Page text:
Seth and I picked up some soap, bubble bath, a face mask, and body lotion. We also got this amazing thing called Fun, a 4-in-1 soap, shampoo, bubble bath, and Play-Doh. I'm kind of excited to start playing around with it and molding different shaped soaps for the shower. Bonus: It smells like candy.


Seth and I also made a stop at Niketown, where I picked up a new pair of socks and a sports bra for high impact exercise. I had been really needing a new sports bra -- the ones I had are getting very old and not offering much support. The best one I have for running is getting old and starting to chafe.


After our explorations of Newbury Street, we decided to head over to the Boston Public Gardens. We headed down the Commonwealth Avenue Mall enjoying some quiet nature in the city. We got a nice view of historic Back Bay and all the amazing brownstones that line Commonwealth Avenue along this stretch.


Wednesday's weather was absolutely perfect -- sunny with a high in the low seventies. It was a great time to walk around the Public Gardens.



We headed over to the pond where we could see people taking rides on the swan boats. 


We briefly sat under a weeping willow and listened to a trombone trio play. 



After our jaunt around the gardens, we decided to walk back towards Copley along the Charles River Esplanade. The runners were out in force, and, to be honest, I was jealous -- it was a perfect day and a great location for a run.


Along the Esplanade, we found a pier with Adirondack chairs.


There was an amazing view of Cambridge and MIT from the pier.


Seth loves the water. He claims that he doesn't, but he totally does. In his enthusiasm, he decided to put his hand in the Charles. Don't worry he washed it later. He was very excited about the whole thing.


Finally, the time had come to head over to the Boston Public Library for afternoon tea. We wound our way back through Back Bay to Copley and the Boston Public Library, a place that had taken on almost mythical significance to me based on their awesome digital library that I frequent. The building was gorgeous.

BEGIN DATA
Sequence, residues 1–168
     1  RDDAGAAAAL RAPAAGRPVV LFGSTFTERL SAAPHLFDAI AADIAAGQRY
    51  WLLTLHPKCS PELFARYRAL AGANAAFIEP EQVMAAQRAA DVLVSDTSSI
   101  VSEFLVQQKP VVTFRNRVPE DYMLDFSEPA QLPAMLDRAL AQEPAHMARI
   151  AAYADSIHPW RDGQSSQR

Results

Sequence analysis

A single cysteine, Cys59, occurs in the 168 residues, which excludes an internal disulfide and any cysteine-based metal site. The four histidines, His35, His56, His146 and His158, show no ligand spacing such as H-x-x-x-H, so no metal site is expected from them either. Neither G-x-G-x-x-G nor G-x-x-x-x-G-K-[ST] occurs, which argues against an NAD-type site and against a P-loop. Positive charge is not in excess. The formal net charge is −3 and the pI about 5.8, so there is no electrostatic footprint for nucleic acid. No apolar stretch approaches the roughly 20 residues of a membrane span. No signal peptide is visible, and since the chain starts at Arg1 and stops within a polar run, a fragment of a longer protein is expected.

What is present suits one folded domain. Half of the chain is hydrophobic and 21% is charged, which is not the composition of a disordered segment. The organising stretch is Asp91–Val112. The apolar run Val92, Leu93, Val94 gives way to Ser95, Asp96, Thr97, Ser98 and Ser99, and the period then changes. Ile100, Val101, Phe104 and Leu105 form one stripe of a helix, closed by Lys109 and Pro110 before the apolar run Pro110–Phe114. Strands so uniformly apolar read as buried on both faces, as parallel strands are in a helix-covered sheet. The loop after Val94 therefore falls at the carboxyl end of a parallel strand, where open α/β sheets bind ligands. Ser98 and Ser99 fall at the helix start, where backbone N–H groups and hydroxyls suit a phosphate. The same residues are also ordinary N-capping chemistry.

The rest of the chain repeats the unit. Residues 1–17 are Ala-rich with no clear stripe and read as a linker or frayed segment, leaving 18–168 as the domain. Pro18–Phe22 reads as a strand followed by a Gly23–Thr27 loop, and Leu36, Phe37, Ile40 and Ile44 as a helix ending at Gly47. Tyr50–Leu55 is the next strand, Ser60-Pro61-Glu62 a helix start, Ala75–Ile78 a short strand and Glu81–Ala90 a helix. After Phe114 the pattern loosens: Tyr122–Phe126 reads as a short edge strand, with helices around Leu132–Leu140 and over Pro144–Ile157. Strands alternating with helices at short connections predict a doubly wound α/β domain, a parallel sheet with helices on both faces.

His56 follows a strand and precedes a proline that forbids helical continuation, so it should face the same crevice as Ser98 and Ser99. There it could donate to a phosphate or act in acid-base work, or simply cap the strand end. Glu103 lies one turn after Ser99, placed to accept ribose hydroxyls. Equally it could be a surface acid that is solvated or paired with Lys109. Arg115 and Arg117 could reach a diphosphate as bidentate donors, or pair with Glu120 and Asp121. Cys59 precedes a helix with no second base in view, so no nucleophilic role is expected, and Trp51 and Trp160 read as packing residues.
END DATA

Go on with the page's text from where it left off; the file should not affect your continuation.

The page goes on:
The entryway had the most magnificent mosaic ceiling with the names of famous author integrated into the tile work. 


Our tea was to take place at the Courtyard Restaurant at the library. We found the restaurant and were taken to our seats. Appropriate to the restaurant's name, from our seats we had a wonderful view of the library's courtyard.


The restaurant itself was very lovely. We had the most comfortable chairs. 


The waitress took our tea order (the food items on the tea menu were all included for a fixed price; no choosing required). Seth had the raspberry herbal tea and I had the Sencha green.

As a big lover of tea, I should point out that all the tea on the menu was all Harney & Sons. I like Harney's tea, but it's not super special if you're really into tea. So, if you're looking for a really excellent tea with knowledgeable tea enthusiasts serving it that's not what you'll get at the Courtyard Restaurant. The focus here is on the overall afternoon tea experience, nice ambiance, and a fun selection of food.


Our food soon arrived on a three-tiered plate. 


The bottom section was for savory tea sandwiches.


-Cucumber with Herb Cream Cheese
-Smoked Salmon Butter Canap├ęs
-Apricot Chicken Salad
-Turkey & Cheese on Marble Rye